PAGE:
interplay between genetic and memetic sources of design; substrate neutrality
means that the work of evolution can be accomplished in either medium (at
different rates, under the same or different selection pressures) and combined
in the final product. He apparently thinks that any account of the evolution
of morality must either be all genetic or all cultural. He asks, at one point:
"Is it obvious that genetic changes are required for such a thing? [No.
It is false.] Where are Dennett's trusty memes when we need them? [Right under
his nose.]" Orr might want to look at some of the literature I cited
on these topics, such as the recent theoretical work by Philip Kitcher, an
alumnus of Lewontin's lab. It's substrate neutral, all the way.
I will not comment on Orr's critical treatment of the more
purely philosophical parts of my book, beyond noting that the charitable interpretation
would be that he doesn't understand the difference between serious criticism
and the mug's game of quoting out of context. (Those who are curious may consider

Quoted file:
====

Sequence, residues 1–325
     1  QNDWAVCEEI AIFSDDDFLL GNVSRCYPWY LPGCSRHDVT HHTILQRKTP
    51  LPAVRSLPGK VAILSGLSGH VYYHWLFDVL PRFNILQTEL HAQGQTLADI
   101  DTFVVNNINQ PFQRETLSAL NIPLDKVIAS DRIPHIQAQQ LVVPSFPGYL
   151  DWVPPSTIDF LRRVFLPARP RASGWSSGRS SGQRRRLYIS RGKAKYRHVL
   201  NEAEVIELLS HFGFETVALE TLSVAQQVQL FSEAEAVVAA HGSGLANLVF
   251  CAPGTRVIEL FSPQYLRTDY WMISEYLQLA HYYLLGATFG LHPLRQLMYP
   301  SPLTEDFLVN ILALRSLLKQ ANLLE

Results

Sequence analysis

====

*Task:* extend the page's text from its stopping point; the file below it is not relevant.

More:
as Exhibit A his abuse of my discussion of "bait-and-switch" in
One does not lightly undertake the task of dislodging heroes
from their pedestals so that their ideas can be critically assessed in the
same arena with the ideas of ordinary mortals. So I expected to be treated
fairly roughly by their fans, especially in their home town. Gould and Lewontin
and Chomsky have so far all chosen to leave the counter-attack to others,
my criticisms being too far beneath their notice, one gathers, to merit any
detailed public response. The attacks I have seen to date-of which Orr's is
the best, by the way-have been long on sneering and short on substance. It's
been surprisingly easy to take, since my task has been far from thankless.
Indeed, the thanks I have been receiving from biologists around the world
has been most gratifying.
1 After an address at Dartmouth, in April 1996, in response
to a question from me.